The messianic absolutism of Zero Dark Thirty

Osama bin Laden watches himself on a video in his compound. What role does the “fourth wall’ play in our acceptance of torture and war crimes? US Department of Defense

A lot has been written about Zero Dark Thirty’s torture narrative.

Alex Gibney, whose Taxi to the Dark Side traced the abuses of the Bush torture system, gives one of the best accounts. Having seen the film I agree with two things critics have been saying.

First, this is a technically superb piece of cinema. Director Katheryn Bigelow’s attention to detail and many intelligent choices makes her treatment of torture even more disappointing.

Second, the story arc clearly implies that torture tactics were central rather than incidental in gathering the information that led to the capture of Osama bin Laden. This is emphasised throughout the film not just through the opening torture scenes.

Bigelow’s claim that she is just showing torture as an unsavory “part of the story” does not ring true.

But this account of the hunt for Osama Bin Laden reveals something more important about the war on terror.

For me the key moment occurs mid way into the film when Maya, (Jessica Chastain), Bigelow’s CIA agent hero, is trying to convince one of her colleagues to allocate more surveillance resources to tracking down the man she believes is bin Laden’s courier.

A lot of my friends have died working on this … I believe I have been spared so that I can finish the job.

In many ways, the film is about the politics of certainty. As the case that Maya has built begins to centre on the compound in Abbottabad where bin Laden was eventually found and killed, the Director of the CIA asks his senior officers one by one what they think. Their assessments vary from 60% to 80% certainty that the “third man” they have seen in the compound is in fact the head of al Qaeda. Again Maya has a different opinion.

“One hundred percent,” she boldly asserts.

“Ok 95%, ‘cause I know certainty freaks you guys out.”

It is this same combination, absolute certainty and a sense of being chosen by God, or in Maya’s case spared by him, to undertake a designated mission, that is at the heart of George Bush’s construction of the war on terror.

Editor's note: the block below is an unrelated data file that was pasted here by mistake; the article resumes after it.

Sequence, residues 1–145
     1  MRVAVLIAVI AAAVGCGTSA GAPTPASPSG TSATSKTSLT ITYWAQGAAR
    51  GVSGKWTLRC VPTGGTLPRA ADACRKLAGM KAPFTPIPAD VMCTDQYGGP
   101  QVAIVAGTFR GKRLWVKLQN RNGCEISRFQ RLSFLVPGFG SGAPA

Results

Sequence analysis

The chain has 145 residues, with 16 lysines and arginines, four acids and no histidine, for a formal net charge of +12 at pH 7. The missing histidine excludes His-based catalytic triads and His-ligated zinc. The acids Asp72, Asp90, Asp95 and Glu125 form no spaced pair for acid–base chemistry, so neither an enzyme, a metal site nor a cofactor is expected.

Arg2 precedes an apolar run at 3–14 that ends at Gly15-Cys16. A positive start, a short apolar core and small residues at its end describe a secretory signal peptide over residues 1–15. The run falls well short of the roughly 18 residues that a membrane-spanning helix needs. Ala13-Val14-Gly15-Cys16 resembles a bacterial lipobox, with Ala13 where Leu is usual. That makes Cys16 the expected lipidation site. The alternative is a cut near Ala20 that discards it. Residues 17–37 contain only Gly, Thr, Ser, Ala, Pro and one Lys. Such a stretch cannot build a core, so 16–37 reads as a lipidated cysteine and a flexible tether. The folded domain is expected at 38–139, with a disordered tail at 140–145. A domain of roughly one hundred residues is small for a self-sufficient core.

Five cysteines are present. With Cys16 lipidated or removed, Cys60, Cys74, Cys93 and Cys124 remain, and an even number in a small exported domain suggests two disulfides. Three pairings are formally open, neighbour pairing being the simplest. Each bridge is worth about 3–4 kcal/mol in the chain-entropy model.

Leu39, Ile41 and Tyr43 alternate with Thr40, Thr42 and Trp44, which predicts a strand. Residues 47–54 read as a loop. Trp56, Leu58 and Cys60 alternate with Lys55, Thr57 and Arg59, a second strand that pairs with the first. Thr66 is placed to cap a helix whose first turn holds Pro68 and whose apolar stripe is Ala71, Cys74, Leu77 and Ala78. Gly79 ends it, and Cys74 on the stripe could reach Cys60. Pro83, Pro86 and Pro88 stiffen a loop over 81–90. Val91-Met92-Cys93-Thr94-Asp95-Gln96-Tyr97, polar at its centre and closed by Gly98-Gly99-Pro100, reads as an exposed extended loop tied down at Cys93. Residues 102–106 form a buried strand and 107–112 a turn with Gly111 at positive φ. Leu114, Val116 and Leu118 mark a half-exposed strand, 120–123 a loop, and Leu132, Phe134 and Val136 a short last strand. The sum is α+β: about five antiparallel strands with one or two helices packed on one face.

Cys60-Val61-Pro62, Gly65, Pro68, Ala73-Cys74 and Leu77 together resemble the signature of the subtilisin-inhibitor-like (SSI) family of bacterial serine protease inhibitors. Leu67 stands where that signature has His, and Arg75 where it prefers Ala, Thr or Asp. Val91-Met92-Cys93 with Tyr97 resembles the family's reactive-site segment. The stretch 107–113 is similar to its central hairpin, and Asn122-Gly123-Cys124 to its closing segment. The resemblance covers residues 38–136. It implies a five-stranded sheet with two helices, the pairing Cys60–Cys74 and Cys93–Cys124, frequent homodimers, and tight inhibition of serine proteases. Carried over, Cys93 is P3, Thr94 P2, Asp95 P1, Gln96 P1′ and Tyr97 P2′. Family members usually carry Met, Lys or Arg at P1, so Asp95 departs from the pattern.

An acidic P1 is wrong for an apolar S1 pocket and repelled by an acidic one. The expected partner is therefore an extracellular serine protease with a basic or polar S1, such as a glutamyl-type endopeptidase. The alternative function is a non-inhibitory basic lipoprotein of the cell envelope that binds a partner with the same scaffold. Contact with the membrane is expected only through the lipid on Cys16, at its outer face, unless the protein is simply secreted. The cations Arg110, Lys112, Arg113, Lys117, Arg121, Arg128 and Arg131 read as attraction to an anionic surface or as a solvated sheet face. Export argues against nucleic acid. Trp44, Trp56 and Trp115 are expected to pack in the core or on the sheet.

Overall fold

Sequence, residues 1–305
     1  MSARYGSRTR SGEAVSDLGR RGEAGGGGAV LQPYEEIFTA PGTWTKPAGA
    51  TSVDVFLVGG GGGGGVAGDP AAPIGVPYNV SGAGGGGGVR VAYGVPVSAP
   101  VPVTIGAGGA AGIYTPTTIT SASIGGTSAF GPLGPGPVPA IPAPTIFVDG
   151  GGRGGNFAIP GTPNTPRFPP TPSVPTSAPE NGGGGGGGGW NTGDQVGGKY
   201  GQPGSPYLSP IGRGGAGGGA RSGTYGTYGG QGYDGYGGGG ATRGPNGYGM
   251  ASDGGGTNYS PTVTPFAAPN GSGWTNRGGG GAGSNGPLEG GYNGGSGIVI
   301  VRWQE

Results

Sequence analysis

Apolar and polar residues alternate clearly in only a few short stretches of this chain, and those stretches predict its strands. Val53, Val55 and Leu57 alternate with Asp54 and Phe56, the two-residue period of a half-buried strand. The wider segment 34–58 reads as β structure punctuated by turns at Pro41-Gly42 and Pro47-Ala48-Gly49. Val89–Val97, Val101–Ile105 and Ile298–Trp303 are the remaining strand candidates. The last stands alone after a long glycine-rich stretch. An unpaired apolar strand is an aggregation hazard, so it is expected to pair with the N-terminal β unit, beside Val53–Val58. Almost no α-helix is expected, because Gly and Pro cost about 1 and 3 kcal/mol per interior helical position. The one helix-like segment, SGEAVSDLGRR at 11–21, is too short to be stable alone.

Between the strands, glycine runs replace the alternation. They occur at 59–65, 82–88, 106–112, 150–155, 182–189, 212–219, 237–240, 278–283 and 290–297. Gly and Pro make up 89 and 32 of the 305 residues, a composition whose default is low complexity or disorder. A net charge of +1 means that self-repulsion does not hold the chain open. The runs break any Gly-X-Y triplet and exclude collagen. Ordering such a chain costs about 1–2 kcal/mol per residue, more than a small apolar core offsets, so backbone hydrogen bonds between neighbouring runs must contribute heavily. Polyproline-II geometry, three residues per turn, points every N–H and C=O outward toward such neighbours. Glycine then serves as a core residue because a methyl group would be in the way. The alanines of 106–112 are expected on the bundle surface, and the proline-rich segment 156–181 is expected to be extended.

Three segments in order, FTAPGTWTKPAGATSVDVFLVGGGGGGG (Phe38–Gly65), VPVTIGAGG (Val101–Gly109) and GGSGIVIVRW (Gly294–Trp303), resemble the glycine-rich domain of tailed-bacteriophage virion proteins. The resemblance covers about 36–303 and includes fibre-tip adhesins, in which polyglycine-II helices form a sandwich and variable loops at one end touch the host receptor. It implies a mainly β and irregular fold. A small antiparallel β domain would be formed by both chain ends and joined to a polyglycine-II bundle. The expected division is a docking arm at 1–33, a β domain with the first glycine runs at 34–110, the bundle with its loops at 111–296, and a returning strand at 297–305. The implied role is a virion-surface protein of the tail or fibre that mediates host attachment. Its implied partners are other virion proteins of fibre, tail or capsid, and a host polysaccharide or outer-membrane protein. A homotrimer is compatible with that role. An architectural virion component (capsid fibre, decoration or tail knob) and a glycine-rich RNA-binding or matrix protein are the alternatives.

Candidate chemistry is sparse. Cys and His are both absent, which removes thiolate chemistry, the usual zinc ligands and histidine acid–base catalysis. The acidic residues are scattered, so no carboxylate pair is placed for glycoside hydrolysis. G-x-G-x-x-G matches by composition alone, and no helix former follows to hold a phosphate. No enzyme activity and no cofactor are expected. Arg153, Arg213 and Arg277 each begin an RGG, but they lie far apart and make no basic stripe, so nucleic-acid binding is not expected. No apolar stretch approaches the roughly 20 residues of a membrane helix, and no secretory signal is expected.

Time journalist Michael Duffy, in an assessment of the Bush Presidency one year on from September 11, wrote that the President had spoken privately to friends and advisers, “of being chosen by the grace of God to lead at that moment”. This sense of messianic mission is confirmed by a number of other accounts.

Scholars have analysed his speeches in detail and have concluded that although past presidents have often invoked God and have even portrayed America as a land of chosen people, no president has done this anywhere as often or as explicitly as George Bush. Political scientist Rodgers Smith concludes his analysis:

The president has employed his prophetic providentialist discourse most often in speeches defending foreign policies that he knows to be questioned, if not condemned, in moral traditions that have long been powerful in the United States … Time and time again, he maintained that “the plan of Heaven” included an American “mission to promote liberty around the world” in which the United States was called “to lead the cause,” a cause that included a first-strike war against Iraq.

It is this central belief in the “plan of Heaven” that led to all the other abuses of the war on terror, including torture. A belief in certainty, in absolute good and absolute evil, leaves no room to debate the morality of means and ends.

There is a long line of “outlaw heroes” in the Hollywood film cannon, from westerns, Schwarzenegger action flicks, to the recent crop of superhero films. This tradition invokes the need for renegade fighters for justice to take matters into their own hands when the processes of traditional law prevent retribution.

Theologians Robert Jewett and John Shelton Lawrence have shown how this belief system is both at the heart of the biblical tradition of messianic “zealous warfare” and the Bush war on terror.

Zero Dark Thirty reminds us that in the Bush war on terror, the outlaw hero tradition of retributive zealous warfare was no longer relegated to the outside. It found a home deep in the heart of the American political system.

Just like George Bush, who famously declared that he wanted bin Laden “dead or alive” just like the old Western posters he remembered from his childhood, Maya’s hunt for bin Laden is intensely personal. She says to the SEAL team:

Bin Laden is there and you’re going to kill him for me.

This statement should be at least as controversial as the torture scenes. The film clearly sets up the raid as an assassination rather than the “capture or kill” mission that the Obama administration has consistently claimed it was.

And this reminds us that although he may have curbed some of the worst excesses of the Bush war on terror Obama’s policies, including a marked increase in drone assassinations and a continuing surveillance program, have in some senses enshrined the politics of secrecy and retributive terror that he promised to end.